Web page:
Yesterday, I wrote about the Ninth Circuit’s recent decision allowing a plaintiff to amend his complaint to plead that a subsequent event (the filing of a registration statement) had caused his loss as a result of an exchange of shares in a merger that he had previously agreed to support. Hildes v. Arthur Andersen LLP, 2013 U.S. App. LEXIS 17177 (9th Cir., Aug. 9, 2013). This caused me to imagine the following dialogue:
Ajax: A sale of securities occurs when I agree to sell my shares, correct?
Odysseus No, you need to more than that.
Ajax: Why? Section 2(a)(3) of the Securities Act is quite clear.
Odysseus: Really, how so?
Ajax: It says “The term ‘sale’ shall include every contract of sale . . .”; Section 25017(a) of the California Corporations Code says the same thing.
Odysseus: Mighty Ajax, were you asleep when they covered SEC v. National Student Marketing Corp., [457 F. Supp. 682 (D. D.C. 1978)] in law school?
Ajax: I thought that case was about whether the SEC could get an injunction.
Odysseus: It was, but Judge Parker focused on whether the parties were irrevocably committed.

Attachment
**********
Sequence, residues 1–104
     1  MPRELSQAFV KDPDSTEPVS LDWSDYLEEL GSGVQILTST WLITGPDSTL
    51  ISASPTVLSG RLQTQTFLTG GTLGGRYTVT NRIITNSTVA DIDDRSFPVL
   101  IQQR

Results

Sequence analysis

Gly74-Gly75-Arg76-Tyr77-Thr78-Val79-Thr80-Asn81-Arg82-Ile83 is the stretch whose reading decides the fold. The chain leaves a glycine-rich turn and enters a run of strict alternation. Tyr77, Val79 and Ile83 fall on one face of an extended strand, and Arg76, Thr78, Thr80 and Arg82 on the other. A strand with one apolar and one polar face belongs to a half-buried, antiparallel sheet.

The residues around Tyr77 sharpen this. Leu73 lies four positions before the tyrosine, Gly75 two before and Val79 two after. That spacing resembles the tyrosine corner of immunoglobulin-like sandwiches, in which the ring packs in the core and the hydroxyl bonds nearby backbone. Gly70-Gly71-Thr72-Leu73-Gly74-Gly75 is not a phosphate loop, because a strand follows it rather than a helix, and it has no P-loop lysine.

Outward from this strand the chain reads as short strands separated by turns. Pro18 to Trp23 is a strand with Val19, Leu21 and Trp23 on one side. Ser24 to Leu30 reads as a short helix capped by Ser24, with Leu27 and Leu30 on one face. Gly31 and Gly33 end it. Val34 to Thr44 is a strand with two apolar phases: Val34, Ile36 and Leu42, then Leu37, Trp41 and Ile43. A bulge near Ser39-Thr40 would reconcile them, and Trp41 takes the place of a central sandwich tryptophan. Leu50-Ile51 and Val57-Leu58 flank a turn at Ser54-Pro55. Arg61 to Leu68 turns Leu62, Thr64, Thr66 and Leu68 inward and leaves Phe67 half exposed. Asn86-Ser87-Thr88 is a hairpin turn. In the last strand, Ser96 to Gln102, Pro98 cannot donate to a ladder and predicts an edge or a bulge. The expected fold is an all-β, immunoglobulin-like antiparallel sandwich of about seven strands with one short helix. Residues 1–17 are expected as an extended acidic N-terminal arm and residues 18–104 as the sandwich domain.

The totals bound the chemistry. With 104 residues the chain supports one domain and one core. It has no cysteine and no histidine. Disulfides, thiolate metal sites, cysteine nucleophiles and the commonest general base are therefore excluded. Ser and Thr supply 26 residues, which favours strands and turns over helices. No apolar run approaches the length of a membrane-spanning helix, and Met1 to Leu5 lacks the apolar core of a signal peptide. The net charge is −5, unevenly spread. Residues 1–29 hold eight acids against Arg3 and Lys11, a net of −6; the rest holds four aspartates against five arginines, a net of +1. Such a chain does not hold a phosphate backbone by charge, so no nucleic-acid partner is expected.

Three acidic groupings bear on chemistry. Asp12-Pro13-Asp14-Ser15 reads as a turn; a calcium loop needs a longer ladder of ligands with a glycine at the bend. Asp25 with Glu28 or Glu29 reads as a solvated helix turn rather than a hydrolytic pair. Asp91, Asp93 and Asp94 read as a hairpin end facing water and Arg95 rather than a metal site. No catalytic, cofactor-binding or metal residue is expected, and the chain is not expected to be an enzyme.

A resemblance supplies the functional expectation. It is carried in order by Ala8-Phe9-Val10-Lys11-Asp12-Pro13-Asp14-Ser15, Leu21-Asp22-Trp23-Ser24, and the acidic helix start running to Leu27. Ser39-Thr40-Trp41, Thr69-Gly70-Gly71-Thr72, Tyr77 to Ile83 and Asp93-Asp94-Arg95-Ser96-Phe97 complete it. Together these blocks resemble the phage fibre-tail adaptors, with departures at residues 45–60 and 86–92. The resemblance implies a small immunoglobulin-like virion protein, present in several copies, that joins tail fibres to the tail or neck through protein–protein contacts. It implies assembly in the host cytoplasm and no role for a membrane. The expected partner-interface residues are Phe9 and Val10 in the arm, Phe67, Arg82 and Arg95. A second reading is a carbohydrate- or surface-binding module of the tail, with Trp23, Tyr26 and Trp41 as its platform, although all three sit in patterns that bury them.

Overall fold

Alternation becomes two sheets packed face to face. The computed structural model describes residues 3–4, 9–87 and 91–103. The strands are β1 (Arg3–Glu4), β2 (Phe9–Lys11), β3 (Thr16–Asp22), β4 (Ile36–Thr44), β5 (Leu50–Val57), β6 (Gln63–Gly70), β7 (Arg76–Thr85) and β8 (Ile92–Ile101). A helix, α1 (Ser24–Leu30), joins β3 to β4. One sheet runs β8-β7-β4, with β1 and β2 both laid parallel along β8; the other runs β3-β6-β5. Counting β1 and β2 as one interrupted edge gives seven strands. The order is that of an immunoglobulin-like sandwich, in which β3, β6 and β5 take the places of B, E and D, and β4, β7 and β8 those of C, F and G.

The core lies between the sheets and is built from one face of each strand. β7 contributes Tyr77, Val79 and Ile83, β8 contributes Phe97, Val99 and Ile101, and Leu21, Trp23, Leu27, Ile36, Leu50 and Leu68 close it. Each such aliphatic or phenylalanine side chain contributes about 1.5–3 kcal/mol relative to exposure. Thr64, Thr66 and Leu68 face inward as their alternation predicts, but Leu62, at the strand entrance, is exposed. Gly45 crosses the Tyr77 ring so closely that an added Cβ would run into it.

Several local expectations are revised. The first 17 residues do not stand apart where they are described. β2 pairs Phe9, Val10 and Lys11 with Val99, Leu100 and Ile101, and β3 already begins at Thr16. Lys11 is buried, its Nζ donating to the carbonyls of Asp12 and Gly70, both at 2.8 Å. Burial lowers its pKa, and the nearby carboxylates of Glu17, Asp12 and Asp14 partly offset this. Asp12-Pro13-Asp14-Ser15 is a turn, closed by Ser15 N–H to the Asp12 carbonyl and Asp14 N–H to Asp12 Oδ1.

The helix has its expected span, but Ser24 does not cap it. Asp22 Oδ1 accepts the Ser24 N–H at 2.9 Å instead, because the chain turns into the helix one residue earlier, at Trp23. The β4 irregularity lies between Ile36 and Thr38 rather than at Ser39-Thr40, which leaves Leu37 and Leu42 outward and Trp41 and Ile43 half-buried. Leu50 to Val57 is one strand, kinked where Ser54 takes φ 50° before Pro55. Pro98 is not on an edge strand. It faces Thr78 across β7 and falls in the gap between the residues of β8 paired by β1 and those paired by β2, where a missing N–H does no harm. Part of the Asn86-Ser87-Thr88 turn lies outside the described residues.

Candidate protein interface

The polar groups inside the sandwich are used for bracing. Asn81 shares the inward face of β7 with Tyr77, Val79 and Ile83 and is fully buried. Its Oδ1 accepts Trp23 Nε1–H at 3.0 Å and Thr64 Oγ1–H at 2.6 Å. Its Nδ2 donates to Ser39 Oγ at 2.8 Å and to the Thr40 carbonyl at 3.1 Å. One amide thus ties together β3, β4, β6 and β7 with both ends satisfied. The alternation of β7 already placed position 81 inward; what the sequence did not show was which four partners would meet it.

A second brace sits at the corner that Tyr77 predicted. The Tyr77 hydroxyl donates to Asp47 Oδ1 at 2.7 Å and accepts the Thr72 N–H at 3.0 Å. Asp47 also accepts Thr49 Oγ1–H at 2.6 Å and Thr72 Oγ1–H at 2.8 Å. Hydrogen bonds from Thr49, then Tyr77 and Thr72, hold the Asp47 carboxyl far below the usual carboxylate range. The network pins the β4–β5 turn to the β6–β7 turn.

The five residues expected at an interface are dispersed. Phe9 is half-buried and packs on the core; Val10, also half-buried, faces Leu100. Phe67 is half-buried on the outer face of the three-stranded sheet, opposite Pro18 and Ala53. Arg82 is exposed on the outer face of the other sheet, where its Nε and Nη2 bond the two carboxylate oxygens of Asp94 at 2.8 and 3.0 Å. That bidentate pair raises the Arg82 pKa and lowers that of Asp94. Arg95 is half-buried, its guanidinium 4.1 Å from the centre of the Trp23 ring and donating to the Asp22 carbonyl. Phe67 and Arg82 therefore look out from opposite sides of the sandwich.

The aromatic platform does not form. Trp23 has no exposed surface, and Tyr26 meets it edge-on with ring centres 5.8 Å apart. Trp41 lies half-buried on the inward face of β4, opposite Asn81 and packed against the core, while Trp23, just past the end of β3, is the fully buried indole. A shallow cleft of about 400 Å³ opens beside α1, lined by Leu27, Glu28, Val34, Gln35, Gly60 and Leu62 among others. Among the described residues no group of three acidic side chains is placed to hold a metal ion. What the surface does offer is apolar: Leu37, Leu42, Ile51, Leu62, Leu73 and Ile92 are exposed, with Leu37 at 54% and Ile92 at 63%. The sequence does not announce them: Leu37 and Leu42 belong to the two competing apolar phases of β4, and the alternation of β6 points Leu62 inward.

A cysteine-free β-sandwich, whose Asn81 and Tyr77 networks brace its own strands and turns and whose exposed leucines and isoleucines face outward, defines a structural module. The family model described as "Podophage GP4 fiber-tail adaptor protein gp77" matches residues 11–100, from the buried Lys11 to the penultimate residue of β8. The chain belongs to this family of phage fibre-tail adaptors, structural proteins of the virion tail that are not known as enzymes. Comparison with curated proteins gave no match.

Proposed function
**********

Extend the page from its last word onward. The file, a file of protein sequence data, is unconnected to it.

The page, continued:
Ajax: You are a man of many twists and turns - so, an agreement to sell is a sale after all?
Odysseus: No, Judge Parker said there must be an irrevocable commitment.
Ajax: If I sign an agreement to vote for a merger and an irrevocable proxy, isn’t that a sufficient commitment?
Odysseus: Not according to the Ninth Circuit Court of Appeals, your commitment could still be contingent upon a number of conditions such approval of the merger by the other shareholders. [Hildes]
Ajax: What does that mean?
Odysseus: If the issuer lies in a registration statement to the other shareholders to win their approval, you could state a claim under the Securities Act.
Ajax: Even though I made my decision before the issuer lied?
Odysseus: According to the Ninth Circuit, you can state a claim because the issuer’s misstatements to the other shareholders caused your loss by allowing a condition to the merger to be fulfilled.
Ajax: I’m confused!
Odysseus: I’m out of here.
Ajax: Have a good trip home, give my regards to Penelope, and don’t forget your oar.
Odysseus: Don’t you forget your sword!